Tuesday, September 14, 2010

Week 35: Zen Meditation in Plain English by John Daishin Buksbazen

I’ve always been fascinated by the ability of Buddhist monks to sit, or meditate. I have a wandering mind and usually incredibly distracted during yoga (or other exercise for that matter). To focus on clearing your mind seems like an oxymoron.

Zen - or Zazen - is a form of meditation that is widely practiced, and not just by Buddhists. The principles within Zazen are universally applicable and acclaimed. Personal growth, better concentration, and enlightenment are the by-products of “sitting” in Zazen meditation.

The author, an ordained Buddhist priest, makes a valiant attempt at simplifying the practices of Zen for the rest of us. He uses metaphors that I was able to understand despite my obvious lack of knowledge and experience. If someone was interested in newly developing Zen practice, this book is a great place to start. Simplicity seems to be the basis for Zen, though the effort it takes is substantial. (Yet another oxymoron.)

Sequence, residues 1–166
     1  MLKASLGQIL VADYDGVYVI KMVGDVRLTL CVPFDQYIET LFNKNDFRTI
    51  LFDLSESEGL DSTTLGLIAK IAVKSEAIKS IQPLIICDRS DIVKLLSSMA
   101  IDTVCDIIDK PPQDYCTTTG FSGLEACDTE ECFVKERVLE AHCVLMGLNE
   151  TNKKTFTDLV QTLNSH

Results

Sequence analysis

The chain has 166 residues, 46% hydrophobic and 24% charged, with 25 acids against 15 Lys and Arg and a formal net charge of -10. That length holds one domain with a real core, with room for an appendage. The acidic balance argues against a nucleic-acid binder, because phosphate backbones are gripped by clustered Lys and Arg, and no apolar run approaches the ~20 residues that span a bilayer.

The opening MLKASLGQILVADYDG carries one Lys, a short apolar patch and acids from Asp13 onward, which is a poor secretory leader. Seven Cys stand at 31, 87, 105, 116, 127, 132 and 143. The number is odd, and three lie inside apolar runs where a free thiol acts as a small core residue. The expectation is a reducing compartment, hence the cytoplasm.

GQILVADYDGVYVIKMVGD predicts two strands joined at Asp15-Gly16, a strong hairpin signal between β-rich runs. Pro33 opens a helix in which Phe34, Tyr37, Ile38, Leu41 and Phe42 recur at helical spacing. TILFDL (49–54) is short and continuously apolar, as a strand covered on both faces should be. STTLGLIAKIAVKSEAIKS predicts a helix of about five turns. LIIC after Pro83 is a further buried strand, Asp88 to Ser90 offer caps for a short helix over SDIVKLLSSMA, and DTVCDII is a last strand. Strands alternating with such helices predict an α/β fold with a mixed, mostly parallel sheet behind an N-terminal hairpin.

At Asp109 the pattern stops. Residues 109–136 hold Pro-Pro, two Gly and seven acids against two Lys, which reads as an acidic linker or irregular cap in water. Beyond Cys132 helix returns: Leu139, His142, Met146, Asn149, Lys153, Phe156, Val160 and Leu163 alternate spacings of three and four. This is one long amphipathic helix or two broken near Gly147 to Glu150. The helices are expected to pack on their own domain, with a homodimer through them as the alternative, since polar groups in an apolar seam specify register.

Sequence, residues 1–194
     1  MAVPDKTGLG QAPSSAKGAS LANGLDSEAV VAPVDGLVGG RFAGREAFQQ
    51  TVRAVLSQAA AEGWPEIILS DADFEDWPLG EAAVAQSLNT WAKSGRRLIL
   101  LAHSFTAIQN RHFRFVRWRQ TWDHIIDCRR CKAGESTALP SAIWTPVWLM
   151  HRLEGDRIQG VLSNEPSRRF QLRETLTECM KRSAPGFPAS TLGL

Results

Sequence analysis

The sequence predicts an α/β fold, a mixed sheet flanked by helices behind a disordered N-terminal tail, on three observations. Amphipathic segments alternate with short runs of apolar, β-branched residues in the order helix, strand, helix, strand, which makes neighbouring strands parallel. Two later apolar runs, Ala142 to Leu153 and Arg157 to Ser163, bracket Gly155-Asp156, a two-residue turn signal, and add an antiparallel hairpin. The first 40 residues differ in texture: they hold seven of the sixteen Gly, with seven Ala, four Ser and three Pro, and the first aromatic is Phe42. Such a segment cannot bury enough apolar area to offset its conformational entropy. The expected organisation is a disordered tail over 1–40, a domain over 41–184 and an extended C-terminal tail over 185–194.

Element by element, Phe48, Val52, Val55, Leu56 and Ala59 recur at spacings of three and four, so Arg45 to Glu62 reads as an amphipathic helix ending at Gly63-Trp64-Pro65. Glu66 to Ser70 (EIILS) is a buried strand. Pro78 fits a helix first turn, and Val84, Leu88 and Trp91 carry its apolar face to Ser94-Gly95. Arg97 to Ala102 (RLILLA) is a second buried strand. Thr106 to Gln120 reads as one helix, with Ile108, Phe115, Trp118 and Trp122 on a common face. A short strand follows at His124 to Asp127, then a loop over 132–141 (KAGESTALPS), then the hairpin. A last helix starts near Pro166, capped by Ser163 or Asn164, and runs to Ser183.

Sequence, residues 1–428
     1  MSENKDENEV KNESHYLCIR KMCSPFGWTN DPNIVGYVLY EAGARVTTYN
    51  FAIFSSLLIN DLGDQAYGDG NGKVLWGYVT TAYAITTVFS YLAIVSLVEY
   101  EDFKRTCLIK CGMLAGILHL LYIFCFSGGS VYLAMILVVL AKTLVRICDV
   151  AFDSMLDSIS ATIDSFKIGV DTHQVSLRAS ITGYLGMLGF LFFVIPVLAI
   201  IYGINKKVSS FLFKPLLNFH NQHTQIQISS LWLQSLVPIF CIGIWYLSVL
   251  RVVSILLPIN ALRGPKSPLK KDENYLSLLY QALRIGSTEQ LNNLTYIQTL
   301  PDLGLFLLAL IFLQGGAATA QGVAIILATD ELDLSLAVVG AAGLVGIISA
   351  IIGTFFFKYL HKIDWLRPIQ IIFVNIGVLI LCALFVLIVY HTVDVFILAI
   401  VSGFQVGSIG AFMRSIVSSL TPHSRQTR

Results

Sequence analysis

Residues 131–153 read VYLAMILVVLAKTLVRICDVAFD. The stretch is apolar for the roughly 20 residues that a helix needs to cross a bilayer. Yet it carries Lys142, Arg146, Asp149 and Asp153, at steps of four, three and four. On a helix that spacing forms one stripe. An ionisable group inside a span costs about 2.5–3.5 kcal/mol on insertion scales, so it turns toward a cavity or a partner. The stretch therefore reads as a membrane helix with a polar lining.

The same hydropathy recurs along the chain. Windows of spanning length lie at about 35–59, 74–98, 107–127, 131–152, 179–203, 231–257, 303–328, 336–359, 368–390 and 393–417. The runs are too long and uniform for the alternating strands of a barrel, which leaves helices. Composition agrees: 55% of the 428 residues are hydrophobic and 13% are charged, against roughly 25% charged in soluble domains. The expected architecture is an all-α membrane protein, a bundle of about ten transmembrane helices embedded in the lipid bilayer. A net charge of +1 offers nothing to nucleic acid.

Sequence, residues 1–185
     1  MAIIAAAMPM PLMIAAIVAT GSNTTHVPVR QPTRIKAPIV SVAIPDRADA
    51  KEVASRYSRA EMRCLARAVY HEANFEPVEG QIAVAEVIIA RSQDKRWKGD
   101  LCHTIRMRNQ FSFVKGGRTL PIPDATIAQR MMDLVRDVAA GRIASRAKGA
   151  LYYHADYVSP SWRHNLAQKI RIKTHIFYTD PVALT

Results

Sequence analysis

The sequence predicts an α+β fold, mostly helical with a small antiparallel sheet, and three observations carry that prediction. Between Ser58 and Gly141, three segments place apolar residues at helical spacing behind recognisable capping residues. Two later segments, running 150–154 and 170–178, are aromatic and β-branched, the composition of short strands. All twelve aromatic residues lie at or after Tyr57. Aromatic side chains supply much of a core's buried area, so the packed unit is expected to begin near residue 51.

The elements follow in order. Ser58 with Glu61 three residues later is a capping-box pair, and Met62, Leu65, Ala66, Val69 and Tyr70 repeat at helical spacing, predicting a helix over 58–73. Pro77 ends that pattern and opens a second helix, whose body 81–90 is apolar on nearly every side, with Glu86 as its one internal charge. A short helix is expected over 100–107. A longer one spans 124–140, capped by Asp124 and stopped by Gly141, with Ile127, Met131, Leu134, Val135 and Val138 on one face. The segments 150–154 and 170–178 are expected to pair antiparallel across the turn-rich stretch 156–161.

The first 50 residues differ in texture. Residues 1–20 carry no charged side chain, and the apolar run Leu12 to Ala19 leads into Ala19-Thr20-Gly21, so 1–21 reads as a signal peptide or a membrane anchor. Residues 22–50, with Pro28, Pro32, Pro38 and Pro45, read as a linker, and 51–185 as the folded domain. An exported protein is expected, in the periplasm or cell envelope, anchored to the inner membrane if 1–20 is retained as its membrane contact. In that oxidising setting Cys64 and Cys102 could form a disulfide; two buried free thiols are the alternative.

Trying Zen meditation is a completely different thing than reading about it. I tried it once while I was in the middle of this book, and I was concentrating so hard on what I was doing right or wrong that I forgot to concentrate. I’ll try it again.

My best advice is to avoid homes with open windows and large populations of crickets.

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